This section provides a brief overview of new cancer drugs or new indications approved by the FDA between November 5 and December 3, 2019.
- Tazverik First FDA-Approved Drug for Advanced Epithelioid Sarcoma Ineligible for Resection
- Ayvakit First Targeted Therapy Approved for Gastrointestinal Stromal Tumors with PDGFRA Mutations
- Enhertu a Novel Dual-Targeted Therapy Approved for Metastatic HER2-Positive Breast Cancer
- Padcev First-in-Class Targeted Therapy FDA Approved for Advanced or Metastatic Urothelial Carcinoma
- Keytruda Indicated for BCG-Unresponsive High-Risk, Non–Muscle Invasive Bladder Cancer
- Lynparza Indicated for Maintenance Treatment of Metastatic Pancreatic Cancer with BRCA Mutation
- Xtandi Now Approved for Metastatic Castration-Sensitive Prostate Cancer
Tazverik First FDA-Approved Drug for Advanced Epithelioid Sarcoma Ineligible for Resection
On January 23, 2020, the FDA accelerated the approval of tazemetostat (Tazverik; Epizyme Inc), an EZH2 methyltransferase blocker, for the treatment of patients aged ≥16 years with metastatic or locally advanced epithelioid sarcoma (a subtype of soft-tissue sarcoma) that is not eligible for complete resection. Tazemetostat received an orphan drug designation for this indication.
“Epithelioid sarcoma accounts for less than one percent of all soft-tissue sarcomas,” said Richard Pazdur, MD, Director of the FDA’s Oncology Center of Excellence. “Until today, there were no treatment options specifically for patients with epithelioid sarcoma. The approval of Tazverik provides a treatment option that specifically targets this disease.”
Epithelioid sarcoma usually begins in the soft-tissue area under the skin of an extremity, although it can start in other areas of the body. For patients with localized disease, surgery is the standard treatment; chemotherapy or radiation may also be used, but the likelihood of progression to metastatic disease is high with these treatments; approximately 50% of people have metastatic disease at the time of diagnosis.
The approval of tazemetostat was based on a clinical trial of 62 patients with metastatic or locally advanced epithelioid sarcoma. Patients received 800 mg of tazemetostat twice daily until disease progression or unacceptable toxicity. The primary end point was overall response rate (ORR).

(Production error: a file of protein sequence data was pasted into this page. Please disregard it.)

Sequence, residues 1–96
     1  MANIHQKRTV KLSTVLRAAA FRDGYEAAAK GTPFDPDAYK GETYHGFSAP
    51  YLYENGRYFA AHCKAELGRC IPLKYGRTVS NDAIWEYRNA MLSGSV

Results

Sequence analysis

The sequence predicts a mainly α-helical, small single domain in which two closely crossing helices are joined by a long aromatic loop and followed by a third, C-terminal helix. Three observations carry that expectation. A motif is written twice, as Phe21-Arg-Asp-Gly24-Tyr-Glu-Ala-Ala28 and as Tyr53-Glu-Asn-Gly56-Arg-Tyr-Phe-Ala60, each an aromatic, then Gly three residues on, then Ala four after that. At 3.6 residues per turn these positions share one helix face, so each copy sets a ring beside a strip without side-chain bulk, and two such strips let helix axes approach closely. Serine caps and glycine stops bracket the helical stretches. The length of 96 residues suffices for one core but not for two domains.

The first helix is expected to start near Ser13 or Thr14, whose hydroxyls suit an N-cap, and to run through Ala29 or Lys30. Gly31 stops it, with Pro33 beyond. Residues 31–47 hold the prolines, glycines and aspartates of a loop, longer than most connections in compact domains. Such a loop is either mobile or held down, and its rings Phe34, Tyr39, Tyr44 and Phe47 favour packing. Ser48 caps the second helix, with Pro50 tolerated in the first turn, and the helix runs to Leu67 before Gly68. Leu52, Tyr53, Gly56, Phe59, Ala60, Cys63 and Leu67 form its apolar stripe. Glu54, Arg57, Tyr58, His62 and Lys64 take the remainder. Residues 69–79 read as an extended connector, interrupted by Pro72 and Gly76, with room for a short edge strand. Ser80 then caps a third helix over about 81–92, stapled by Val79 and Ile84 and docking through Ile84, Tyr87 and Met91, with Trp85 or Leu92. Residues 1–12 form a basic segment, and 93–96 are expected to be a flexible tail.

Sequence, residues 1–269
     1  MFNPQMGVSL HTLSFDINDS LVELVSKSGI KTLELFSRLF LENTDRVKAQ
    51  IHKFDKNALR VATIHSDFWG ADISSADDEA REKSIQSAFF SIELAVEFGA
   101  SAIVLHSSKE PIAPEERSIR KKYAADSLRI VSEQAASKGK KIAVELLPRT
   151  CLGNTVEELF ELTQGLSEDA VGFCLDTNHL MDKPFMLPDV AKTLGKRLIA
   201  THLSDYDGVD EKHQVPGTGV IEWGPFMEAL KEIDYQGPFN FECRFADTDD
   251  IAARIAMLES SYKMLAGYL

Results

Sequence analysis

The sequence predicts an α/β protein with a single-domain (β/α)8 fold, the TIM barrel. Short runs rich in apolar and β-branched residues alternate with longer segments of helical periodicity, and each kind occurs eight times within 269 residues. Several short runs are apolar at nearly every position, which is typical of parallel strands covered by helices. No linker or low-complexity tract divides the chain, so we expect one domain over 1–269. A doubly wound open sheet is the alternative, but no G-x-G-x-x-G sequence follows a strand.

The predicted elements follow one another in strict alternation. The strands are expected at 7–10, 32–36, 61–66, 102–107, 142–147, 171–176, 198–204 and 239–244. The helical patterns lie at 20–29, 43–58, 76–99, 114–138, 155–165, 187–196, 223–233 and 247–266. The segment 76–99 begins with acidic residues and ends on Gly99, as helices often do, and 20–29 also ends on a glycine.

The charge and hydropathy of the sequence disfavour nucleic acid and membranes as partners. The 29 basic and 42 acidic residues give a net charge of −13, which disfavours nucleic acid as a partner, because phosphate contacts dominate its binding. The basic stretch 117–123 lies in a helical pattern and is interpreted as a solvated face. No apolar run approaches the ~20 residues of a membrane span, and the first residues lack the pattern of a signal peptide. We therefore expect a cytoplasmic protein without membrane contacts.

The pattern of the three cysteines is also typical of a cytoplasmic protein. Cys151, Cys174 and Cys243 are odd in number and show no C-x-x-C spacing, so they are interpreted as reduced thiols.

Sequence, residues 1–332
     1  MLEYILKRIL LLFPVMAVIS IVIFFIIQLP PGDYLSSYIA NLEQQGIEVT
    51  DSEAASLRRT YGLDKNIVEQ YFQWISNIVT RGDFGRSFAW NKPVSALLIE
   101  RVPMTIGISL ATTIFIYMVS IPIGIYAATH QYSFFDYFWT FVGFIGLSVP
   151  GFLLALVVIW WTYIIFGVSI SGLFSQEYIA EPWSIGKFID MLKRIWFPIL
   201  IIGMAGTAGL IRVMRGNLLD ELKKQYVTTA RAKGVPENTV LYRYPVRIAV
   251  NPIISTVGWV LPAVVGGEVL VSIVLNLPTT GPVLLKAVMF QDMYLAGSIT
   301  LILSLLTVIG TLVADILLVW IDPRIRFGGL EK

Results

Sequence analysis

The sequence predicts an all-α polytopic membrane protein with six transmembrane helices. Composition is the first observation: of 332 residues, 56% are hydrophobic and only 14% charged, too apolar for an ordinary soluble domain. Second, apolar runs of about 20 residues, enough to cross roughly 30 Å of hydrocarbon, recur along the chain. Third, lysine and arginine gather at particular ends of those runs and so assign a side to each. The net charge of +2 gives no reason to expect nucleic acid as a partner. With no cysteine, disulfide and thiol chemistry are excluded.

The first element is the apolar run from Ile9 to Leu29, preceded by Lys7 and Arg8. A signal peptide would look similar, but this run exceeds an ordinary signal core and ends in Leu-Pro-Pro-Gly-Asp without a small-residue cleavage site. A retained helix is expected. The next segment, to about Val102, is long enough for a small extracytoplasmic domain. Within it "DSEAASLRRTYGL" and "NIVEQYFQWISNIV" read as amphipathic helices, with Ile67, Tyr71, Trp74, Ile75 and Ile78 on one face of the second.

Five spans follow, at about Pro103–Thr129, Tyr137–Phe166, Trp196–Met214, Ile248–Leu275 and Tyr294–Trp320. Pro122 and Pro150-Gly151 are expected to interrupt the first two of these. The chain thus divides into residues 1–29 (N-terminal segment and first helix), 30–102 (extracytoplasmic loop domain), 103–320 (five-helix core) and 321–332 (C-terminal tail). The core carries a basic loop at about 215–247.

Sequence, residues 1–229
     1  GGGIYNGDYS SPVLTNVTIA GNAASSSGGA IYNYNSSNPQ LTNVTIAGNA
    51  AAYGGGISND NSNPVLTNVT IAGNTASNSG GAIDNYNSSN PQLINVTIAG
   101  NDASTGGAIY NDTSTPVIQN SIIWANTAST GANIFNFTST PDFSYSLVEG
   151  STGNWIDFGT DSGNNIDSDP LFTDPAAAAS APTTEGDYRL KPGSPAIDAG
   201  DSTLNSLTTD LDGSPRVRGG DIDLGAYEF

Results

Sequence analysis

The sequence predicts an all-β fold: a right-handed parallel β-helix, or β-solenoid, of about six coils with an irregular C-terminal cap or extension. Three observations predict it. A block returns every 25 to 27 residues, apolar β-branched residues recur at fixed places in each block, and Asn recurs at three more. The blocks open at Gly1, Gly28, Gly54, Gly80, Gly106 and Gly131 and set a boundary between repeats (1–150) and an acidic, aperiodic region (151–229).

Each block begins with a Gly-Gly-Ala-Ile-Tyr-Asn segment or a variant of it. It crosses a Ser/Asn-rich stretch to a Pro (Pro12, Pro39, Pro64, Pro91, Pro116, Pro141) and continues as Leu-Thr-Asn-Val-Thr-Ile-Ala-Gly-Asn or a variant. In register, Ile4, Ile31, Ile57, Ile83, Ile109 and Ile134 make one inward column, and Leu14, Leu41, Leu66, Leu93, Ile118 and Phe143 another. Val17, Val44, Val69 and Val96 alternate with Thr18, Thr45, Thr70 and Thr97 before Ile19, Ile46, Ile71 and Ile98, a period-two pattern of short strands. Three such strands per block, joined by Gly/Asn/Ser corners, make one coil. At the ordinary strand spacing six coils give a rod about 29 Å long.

The ORR was 15%, consisting of 1.6% complete responses and 13% partial responses. Of the 9 patients who had a response, 6 (67%) patients had a response lasting >6 months.
The most common adverse events were pain, fatigue, nausea, decreased appetite, vomiting, and constipation. Tazemetostat therapy is associated with an increased risk for secondary malignancies, including T-cell lymphoblastic lymphoma, myelodysplastic syndrome, and acute myeloid leukemia, and the drug can also cause harm to a fetus.
Ayvakit First Targeted Therapy Approved for Gastrointestinal Stromal Tumors with PDGFRA Mutations
On January 9, 2020, the FDA accelerated the approval of avapritinib (Ayvakit; Blueprint Medicines Corporation), a kinase inhibitor, for the treatment of adults with unresectable or metastatic gastrointestinal stromal tumor (GIST) harboring a platelet-derived growth factor receptor alpha (PDGFRA) exon 18 mutation. This approval includes GIST that harbors a PDGFRA D842V mutation, which is the most common exon 18 mutation. The FDA granted breakthrough therapy and orphan drug designations to avapritinib.
“GIST harboring a PDGFRA exon 18 mutation do not respond to standard therapies for GIST. However, today’s approval provides patients with the first drug specifically approved for GIST harboring this mutation,” said Richard Pazdur, MD, Director of the FDA’s Oncology Center of Excellence. “Clinical trials showed a high response rate with almost 85% of patients experiencing tumor shrinkage with this targeted drug.”
The activating mutations in PDGFRA have been linked to the development of GIST, and up to approximately 10% of patients with GIST have this type of gene mutation.
The approval of avapritinib was based on a clinical trial of 43 patients with GIST associated with a PDGFRA exon 18 mutation, including 38 patients with PDGFRA D842V mutation. Patients received avapritinib 300 mg or 400 mg orally once daily until disease progression or until unacceptable toxicity. Based on the study’s results, the recommended dose of avapritinib is 300 mg once daily.
The primary end point was overall response rate (ORR). Among patients with a PDGFRA exon 18 mutation, the ORR was 84%, consisting of 7% complete responses and 77% partial responses. For patients with PDGFRA D842V mutation, the ORR was 89%, including 8% with a complete response and 82% with a partial response.
The median duration of response was not yet reached, but in the 61% of the patients with exon 18 mutations who had a response, the response lasted ≥6 months (31% of patients with an ongoing response were followed for <6 months).